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Mild Traumatic Brain Injury - A Complicated Case

The recent interest in brain injuries in the media might make people think that this is an injury unique to only NFL football players. The fact is though, that traumatic brain injuries in athletes account for only about 20% of these injuries. Motor vehicle crashes are actually the leading cause of traumatic brain injuries that result in hospitalizations. In a report by the Centers for Disease Control to Congress, it was reported that each year approximately 1.7 million people suffer a traumatic brain injury, over 50,000 people die per year and between 80 and 90,000 people are left with a long term disability.

The term "mild" traumatic brain injury is a bit misleading. Since there are mild, moderate and severe traumatic brain injuries it seems logical to think that mild means a minor or temporary injury. Unfortunately this is not the case because the term mild, in this case, relates to the severity of the trauma that caused the injury and not the severity of the consequences of the injury.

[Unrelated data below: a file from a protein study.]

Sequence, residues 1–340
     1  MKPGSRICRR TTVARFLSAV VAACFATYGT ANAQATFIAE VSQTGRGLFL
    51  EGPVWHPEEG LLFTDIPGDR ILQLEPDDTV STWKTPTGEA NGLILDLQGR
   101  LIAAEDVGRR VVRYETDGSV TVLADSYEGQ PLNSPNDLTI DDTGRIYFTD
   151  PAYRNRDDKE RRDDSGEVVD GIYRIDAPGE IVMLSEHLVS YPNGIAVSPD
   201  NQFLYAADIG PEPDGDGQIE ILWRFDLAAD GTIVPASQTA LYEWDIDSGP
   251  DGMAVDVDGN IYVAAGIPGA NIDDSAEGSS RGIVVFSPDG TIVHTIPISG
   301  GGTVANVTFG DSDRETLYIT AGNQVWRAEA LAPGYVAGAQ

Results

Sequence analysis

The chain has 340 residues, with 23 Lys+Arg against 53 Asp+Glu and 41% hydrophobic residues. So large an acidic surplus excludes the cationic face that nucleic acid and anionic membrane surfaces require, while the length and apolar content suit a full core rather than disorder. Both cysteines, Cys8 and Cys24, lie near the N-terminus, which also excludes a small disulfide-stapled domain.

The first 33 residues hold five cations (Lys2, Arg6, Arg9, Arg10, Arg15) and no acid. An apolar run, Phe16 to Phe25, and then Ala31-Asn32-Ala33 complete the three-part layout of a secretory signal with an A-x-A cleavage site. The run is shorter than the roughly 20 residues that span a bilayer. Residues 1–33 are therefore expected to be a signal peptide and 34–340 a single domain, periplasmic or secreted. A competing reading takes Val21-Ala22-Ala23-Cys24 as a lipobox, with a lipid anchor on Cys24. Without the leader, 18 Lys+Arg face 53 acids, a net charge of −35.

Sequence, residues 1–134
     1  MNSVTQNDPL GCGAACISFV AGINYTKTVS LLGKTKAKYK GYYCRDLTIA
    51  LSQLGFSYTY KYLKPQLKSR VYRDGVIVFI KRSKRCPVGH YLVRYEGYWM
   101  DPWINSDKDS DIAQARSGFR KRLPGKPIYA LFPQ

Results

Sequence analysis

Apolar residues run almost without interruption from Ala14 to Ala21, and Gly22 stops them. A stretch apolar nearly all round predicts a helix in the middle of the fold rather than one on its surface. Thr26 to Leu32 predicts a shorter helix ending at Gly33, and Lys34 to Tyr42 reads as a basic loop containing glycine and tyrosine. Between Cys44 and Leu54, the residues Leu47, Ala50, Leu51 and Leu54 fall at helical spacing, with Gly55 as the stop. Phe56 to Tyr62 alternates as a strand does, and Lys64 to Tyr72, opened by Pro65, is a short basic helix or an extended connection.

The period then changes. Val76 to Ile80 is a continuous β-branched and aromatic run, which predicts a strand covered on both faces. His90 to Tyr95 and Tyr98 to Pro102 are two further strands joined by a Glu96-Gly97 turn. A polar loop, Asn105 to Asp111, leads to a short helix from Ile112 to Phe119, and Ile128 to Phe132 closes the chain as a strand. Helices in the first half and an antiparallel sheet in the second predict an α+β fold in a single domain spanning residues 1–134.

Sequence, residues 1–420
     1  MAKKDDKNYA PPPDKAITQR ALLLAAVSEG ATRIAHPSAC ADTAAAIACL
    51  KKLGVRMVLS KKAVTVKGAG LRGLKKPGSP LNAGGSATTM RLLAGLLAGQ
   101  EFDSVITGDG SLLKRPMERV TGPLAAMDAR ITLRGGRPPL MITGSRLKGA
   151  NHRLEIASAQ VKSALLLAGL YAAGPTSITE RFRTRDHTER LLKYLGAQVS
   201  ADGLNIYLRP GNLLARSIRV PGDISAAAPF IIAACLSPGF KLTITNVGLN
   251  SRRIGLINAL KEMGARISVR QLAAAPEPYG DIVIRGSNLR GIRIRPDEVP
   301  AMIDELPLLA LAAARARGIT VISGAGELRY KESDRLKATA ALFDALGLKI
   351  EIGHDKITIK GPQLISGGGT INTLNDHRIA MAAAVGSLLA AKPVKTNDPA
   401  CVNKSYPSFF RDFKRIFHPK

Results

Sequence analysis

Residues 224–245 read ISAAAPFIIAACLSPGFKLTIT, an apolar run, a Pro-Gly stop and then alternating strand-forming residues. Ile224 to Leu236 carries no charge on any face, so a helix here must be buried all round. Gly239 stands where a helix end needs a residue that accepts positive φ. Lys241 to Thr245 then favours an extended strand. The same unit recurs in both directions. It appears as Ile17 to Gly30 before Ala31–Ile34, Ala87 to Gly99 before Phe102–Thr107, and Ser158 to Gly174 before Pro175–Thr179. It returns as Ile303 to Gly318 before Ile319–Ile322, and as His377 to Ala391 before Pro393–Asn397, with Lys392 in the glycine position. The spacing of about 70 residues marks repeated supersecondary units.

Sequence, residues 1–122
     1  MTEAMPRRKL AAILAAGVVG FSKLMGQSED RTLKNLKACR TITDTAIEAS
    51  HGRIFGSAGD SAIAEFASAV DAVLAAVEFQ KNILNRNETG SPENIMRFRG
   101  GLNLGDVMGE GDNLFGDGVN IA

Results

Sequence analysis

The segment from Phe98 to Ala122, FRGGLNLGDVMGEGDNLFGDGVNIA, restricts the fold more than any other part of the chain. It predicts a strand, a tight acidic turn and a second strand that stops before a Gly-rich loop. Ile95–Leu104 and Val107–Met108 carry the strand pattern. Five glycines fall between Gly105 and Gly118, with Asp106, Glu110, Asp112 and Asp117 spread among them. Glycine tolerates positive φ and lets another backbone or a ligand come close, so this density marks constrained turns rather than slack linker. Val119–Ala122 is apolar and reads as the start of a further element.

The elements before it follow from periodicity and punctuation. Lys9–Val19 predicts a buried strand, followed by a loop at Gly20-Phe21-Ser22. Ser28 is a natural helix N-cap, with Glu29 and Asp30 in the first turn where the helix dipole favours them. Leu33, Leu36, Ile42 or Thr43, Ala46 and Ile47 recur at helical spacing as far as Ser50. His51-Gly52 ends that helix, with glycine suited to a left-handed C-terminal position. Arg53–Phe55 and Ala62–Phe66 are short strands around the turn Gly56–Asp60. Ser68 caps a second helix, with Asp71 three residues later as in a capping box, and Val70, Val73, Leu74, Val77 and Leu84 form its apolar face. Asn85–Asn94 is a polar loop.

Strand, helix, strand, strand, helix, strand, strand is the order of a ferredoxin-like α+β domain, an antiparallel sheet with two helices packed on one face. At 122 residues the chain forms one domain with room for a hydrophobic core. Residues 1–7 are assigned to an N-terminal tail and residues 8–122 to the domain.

How does a traumatic brain injury happen? The brain is confined inside of the skull and it floats in cerebral spinal fluid. The brain itself is soft, almost like Jell-O. So if, in a motor vehicle accident, the head goes forward and backwards rapidly or hits something inside of the car, the brain can be damaged when it strikes the inside of the skull or when the delicate nerve cells of the brain, the axons, are stretched. A person does not have to be rendered unconscious to have a mild traumatic brain injury that has serious and permanent consequences.  More information on our site: Causes of Brain Injuries